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Deferred Retirement Option Plans

Deferred retirement option plans (DROPs) are of benefit to both employees and employers. In exchange for continuing to work past your eligible retirement age, an employer will set aside annual lump sum payments into an interest-bearing account. Upon retirement, the money that has grown in this account will be paid to you, on top of the rest of your accrued earnings. If you have more questions or want some help getting your retirement plans together, consider talking with a financial advisor.

What Are Deferred Retirement Option Plans (DROPs)?

A deferred retirement option plan, or DROP, is a way for an employee who would otherwise be eligible to retire to keep working. Instead of continuing to add new years of service – thereby increasing the employee’s pension benefit amount – the employer will begin placing lump sums into an interest-bearing account annually. When the employee finally retires, they will receive the full value of this account, in addition to their established pension benefits. This allows the employee to start earning some retirement benefits, while the employer gets to retain the employee’s services (without further increasing that employee’s pension payout).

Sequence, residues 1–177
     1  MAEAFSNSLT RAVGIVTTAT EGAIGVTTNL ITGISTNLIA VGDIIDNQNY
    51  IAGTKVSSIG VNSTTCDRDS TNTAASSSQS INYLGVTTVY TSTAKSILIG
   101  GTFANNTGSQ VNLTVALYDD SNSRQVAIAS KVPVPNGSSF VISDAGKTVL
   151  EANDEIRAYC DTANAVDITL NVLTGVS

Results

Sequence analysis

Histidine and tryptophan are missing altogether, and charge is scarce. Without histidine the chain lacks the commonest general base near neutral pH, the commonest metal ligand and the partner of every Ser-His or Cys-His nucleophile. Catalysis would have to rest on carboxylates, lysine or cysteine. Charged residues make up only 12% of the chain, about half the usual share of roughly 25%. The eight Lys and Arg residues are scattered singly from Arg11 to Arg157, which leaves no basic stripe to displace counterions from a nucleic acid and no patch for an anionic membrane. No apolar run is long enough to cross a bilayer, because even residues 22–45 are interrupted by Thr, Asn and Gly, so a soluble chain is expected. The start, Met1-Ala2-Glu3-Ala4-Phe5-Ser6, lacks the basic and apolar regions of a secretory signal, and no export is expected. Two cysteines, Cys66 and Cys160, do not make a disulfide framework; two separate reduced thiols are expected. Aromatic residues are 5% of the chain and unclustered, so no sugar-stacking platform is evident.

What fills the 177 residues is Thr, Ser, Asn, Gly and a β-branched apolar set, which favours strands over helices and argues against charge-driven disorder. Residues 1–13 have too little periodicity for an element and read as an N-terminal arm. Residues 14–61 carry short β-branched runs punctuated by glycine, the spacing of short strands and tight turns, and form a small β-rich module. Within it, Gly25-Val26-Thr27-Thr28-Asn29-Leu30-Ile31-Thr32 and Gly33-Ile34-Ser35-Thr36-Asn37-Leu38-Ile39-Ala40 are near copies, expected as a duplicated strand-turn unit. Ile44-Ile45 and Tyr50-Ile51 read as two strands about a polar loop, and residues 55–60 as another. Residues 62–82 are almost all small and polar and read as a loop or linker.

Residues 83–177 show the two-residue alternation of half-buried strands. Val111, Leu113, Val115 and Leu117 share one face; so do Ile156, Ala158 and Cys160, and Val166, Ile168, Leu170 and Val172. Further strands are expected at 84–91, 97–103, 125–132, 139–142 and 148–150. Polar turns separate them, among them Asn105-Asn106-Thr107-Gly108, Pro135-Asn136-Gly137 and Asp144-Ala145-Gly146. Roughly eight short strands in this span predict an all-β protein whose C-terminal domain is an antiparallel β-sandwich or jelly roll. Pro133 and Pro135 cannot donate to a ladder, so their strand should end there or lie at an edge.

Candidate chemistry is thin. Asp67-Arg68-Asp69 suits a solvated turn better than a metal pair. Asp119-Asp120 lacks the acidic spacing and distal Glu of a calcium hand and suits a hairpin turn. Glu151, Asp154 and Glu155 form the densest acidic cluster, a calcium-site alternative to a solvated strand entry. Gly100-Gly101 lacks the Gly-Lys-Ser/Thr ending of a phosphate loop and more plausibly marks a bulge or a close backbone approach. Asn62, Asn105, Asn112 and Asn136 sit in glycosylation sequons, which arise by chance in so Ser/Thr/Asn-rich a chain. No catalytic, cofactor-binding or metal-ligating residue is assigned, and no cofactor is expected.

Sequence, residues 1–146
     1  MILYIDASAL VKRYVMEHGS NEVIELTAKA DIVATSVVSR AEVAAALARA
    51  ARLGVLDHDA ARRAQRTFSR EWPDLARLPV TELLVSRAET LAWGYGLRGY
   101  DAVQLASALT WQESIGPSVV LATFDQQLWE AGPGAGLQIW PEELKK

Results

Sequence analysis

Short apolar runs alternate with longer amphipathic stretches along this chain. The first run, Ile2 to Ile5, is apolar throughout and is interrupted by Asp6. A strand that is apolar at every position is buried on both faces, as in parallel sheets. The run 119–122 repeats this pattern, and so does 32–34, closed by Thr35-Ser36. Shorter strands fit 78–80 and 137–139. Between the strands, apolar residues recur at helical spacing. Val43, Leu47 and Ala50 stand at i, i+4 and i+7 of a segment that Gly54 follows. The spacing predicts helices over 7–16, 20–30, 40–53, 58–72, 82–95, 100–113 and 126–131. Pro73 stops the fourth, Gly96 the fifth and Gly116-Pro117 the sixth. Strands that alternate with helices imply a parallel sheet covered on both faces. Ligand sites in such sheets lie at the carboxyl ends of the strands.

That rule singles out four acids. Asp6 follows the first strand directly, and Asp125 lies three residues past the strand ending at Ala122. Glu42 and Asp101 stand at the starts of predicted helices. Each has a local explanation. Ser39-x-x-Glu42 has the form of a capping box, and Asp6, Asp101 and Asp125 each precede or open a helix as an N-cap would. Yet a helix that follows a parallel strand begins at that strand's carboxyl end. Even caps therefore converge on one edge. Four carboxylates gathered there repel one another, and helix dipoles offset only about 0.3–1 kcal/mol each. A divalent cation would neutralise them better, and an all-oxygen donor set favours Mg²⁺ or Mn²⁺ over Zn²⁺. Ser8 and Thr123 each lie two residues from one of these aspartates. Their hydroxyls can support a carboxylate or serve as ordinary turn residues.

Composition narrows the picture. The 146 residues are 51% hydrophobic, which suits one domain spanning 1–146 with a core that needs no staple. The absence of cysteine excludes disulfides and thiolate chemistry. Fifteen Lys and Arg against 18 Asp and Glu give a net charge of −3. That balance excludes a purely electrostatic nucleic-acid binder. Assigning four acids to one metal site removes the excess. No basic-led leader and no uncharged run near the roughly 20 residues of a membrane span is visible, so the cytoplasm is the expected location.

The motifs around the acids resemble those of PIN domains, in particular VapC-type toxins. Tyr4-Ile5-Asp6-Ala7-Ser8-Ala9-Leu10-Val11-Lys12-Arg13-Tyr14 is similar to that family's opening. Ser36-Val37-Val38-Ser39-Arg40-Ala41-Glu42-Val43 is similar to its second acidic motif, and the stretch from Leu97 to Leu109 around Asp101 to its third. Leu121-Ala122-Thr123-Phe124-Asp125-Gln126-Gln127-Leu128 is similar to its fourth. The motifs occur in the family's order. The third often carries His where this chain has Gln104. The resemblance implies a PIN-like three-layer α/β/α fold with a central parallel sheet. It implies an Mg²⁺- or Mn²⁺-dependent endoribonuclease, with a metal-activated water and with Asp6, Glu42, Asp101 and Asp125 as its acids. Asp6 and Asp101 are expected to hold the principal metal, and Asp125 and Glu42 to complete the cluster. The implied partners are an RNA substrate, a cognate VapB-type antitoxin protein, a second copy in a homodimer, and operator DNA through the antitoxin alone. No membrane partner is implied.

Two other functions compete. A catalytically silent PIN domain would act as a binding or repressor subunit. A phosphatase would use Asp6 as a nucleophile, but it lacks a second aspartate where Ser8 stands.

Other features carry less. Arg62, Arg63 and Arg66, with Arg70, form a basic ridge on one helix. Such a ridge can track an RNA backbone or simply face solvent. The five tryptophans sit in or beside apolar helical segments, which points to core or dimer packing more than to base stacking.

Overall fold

Most DROPs are for public sector employees, like police officers, firefighters and teachers. This is both because these plans were first introduced by government employers and because few private companies offer pension plans anymore. More specifically, a DROP would apply to someone who:

  • Has a defined benefits retirement plan from their employer (typically in the form of a fixed pension)
  • Is of retirement age, but chooses to continue working

What Goes Into Calculating DROP Benefits?

Because DROP plans are offered by so many different employers, the specifics of each plan can vary. Here’s a quick rundown of some of the most important factors to look out for:

  • Participation Length – Most employers won’t let you participate in a DROP indefinitely. Instead they typically offer a window of time called a “participation limit.” Some plans suggest employees participate for a maximum of seven years, but four years is common in many cities.
  • Payment Amount and Interest – Each employer will specify how much they’ll pay into your DROP account, how it will gain interest and how much that interest will be. DROP payments often equal the normal retirement benefits you would have received during this period, but not necessarily.